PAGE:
Can we find a way out of this billionaire wilderness?
I half-heartedly crank the wine opener. I’m only partly paying attention to my task, distracted by the snow falling like cotton balls outside. I am already day-dreaming about tomorrow’s turns on Glory. I nearly spill the bottle on a customer when the cork comes free.
It’s been a dismal shift. Each table has been a reminder of what seems to be ruining Jackson Hole: digital nomads planning their next work-life vibes-based move, “locals” from NYC that sleep here for three weeks out of the year, and a table of shiny costumed cowboys and cowgirls whose white hats would look great in LA.
I get pessimistic on nights like this. Leeching off the bourgeoisie for a living can be a constant reminder of how much you don’t have. But money tends to stain authenticity, so we hold on to the ideal of the unsullied ski bum local in our hearts and keep our heads down. I moved here to snowboard; I’ve moved five times since then, and worked 10 different jobs. I feel like I deserve to be here as much as anyone, but so does everyone else, and we fight amongst ourselves for the scraps.
I clench the steering wheel with white knuckles on the way home. Snow is zipping past in straight horizontal lines like I’m entering hyperspace. It feels like I am moving impossibly fast. In reality I’m crawling down the road in the dark at 10 miles per hour, unsure which lane I’m even in. Winter cuts both ways.
I finally lay my head down on my pillow, and it feels like only a minute later my alarm starts blaring. It’s still pitch black outside. The only reason I drag myself out of bed and into the cold open air is grudging solidarity with the friend picking me up. I know that person is waking up on the other side of town and asking themself the exact same question: who made this plan again?
I don’t achieve full consciousness until the wind nearly rips the car door off its hinges at the top of Teton Pass. It’s dark, freezing, and windy, but also somehow crowded. We get the last parking spot. I’m struck by how many truly insane people live in Jackson Hole. How many of them moved here after COVID? My localism doesn’t wear off until I’ve had my morning powder.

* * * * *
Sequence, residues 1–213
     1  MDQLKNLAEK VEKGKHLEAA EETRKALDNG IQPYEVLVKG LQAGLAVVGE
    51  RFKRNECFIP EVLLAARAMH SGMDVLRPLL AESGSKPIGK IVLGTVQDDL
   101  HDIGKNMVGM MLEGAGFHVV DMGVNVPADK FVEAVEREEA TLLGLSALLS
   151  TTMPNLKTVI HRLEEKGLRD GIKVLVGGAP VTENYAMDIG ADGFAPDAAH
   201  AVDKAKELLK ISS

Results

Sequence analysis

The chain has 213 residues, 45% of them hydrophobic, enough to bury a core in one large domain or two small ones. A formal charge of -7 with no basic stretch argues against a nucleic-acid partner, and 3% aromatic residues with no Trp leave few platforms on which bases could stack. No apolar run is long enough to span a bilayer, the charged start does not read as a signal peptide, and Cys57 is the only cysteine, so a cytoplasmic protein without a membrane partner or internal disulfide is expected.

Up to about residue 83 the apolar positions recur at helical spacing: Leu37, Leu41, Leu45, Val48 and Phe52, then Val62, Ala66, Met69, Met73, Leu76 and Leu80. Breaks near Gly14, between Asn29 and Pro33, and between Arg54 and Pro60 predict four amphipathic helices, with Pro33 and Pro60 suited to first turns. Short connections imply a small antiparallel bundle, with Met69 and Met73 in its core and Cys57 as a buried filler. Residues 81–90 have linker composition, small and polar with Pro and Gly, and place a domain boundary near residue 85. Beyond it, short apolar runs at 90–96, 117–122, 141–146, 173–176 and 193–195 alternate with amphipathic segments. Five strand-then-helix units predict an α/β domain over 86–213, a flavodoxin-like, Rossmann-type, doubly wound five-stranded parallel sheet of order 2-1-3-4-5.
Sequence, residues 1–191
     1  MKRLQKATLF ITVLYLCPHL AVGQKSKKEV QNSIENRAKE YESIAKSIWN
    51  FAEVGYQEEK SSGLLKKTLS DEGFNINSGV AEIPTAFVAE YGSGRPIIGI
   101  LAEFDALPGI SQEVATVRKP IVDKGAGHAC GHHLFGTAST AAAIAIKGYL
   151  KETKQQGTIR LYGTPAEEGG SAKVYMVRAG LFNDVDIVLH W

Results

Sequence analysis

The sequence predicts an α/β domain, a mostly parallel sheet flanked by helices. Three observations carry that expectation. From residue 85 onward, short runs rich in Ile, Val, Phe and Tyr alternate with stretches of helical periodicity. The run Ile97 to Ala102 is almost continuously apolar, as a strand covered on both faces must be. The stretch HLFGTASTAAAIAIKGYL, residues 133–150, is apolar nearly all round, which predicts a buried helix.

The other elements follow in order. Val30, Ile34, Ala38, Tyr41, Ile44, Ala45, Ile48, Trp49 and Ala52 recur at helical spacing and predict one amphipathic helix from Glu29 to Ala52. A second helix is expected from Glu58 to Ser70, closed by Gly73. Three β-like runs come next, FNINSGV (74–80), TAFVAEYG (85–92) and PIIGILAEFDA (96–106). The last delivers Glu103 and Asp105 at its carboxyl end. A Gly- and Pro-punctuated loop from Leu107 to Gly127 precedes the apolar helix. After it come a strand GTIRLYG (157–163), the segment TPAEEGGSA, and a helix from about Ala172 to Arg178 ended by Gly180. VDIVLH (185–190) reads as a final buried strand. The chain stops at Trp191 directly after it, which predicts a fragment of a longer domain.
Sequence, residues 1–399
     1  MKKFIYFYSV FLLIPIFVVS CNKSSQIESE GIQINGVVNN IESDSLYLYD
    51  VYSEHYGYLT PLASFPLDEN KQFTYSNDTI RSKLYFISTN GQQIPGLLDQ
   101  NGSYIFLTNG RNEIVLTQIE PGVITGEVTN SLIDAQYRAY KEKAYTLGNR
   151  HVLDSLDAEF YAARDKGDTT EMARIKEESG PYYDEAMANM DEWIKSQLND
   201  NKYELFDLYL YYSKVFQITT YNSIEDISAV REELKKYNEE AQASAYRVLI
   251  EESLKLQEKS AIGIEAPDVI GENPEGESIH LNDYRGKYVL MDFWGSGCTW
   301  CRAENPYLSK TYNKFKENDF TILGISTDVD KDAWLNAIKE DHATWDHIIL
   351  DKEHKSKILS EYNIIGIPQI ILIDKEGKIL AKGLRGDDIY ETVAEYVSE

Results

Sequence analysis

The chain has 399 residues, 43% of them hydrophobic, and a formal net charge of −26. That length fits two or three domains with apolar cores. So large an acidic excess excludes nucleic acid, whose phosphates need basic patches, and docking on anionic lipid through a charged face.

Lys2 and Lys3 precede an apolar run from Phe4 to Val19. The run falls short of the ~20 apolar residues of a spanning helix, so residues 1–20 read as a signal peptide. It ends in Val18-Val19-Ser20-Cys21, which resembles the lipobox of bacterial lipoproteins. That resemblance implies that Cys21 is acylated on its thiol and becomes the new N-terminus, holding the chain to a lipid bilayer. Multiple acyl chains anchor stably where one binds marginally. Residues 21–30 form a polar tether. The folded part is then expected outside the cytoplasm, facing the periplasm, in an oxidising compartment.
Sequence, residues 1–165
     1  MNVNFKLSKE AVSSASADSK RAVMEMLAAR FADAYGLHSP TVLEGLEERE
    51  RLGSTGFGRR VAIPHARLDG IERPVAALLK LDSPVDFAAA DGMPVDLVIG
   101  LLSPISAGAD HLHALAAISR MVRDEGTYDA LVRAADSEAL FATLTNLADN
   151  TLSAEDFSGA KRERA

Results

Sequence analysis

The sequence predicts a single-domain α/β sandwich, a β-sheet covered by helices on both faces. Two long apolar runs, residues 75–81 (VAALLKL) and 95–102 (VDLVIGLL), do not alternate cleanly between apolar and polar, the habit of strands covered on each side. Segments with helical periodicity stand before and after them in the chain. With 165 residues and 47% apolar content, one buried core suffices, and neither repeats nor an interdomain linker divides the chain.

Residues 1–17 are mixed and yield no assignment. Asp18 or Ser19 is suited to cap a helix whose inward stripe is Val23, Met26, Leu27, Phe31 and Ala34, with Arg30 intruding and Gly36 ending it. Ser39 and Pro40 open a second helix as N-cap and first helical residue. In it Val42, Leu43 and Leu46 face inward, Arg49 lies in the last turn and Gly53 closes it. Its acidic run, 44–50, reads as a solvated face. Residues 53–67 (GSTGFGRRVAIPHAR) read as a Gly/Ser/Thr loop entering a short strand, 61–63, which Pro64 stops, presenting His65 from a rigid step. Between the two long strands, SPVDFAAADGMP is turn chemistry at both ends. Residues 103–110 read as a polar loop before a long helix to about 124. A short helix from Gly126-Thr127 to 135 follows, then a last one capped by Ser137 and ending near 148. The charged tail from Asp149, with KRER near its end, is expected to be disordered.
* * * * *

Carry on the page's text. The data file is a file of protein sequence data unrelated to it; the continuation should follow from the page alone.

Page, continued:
Colors begin to spill from the east and it gets lighter with each step I take up the boot pack. The steady trudge takes the edge off my salty thoughts. I can only think about the next forward step and my labored breath. Those moments before the sun explodes over the Gros Ventre Range are always quiet. I remember why I chose to wake up so damn early. I remember why I moved here. By the time I get to the summit everything makes perfect sense.
With a view this good it’s easy to forget the shocking income inequality below.
Everything is in its right place. All downhill from here. As Jeremy Jones says, there are “no words for the way down.” In spite of being chained by the forces of gravity in these heavy bodies, we can get pretty close to flying. The experience might be generic off-brand flying, but I’ll take what I can get.
I drive back down towards Wilson with a shit-eating grin on my face. The valley looks different heading down: it looks like home. This otherworldly experience keeps me high all day long. It keeps the crust away. I complain less about the overcrowding and the rising costs. Snowboarding affords me an escape from that reality.
But the reality is that if we do nothing, it will continue to get worse. Thinking the situation is already hopeless will end up making it hopeless. The economic forces changing this valley seem uncontrollable, but this is also not our first rodeo. It’s textbook gentrification, and there are ways to combat it.
That “Wyoming Is Full’’ bumper sticker on your Tacoma won’t change anything, nor will your rage at the car with California license plate that has clearly never been driven in snow. We can’t sink into apathy and snowboard this particular problem away. We are doomed unless we take a political stand, together, now. That includes everyone who has loved this place, for any amount of time: digital nomads, Texans, and fifth homeowners included. Working together, we can modify the social contract we have now. Go become a member of ShelterJH, then look into starting a labor union where you work. Vote in all local elections, even the boring ones, and organize your friends, roommates, and co-workers to do the same. We don’t need to reinvent the wheel here. We can do this—this fight has been fought before, in countless communities where the haves want to displace the have-nots.
Snowboarding brought us here. Let’s use that rebellious spirit and fight to keep our uncivilized, dirty asses here. Snowboarders are infamous for thinking differently and breaking new trail. Travis Rice continually redefines big mountain riding. Jess Kimura is a leader for women and mental health in action sports. Jeremy Jones started the influential climate-change activism organization Protect Our Winters (POW).
Why can’t we start a movement to save the working class in Jackson Hole?
Billionaire Wilderness is a reference to the book about the ultra-wealthy in Jackson Hole, “Billionaire Wilderness” by Justin Farrell.
Joey Sackett likes to ride sideways and pretend he’s surfing. Sometimes he likes to suffer in faraway places on tall peaks. He also tries to get involved in local housing issues, and he’d really love for you to join him as a member of ShelterJH.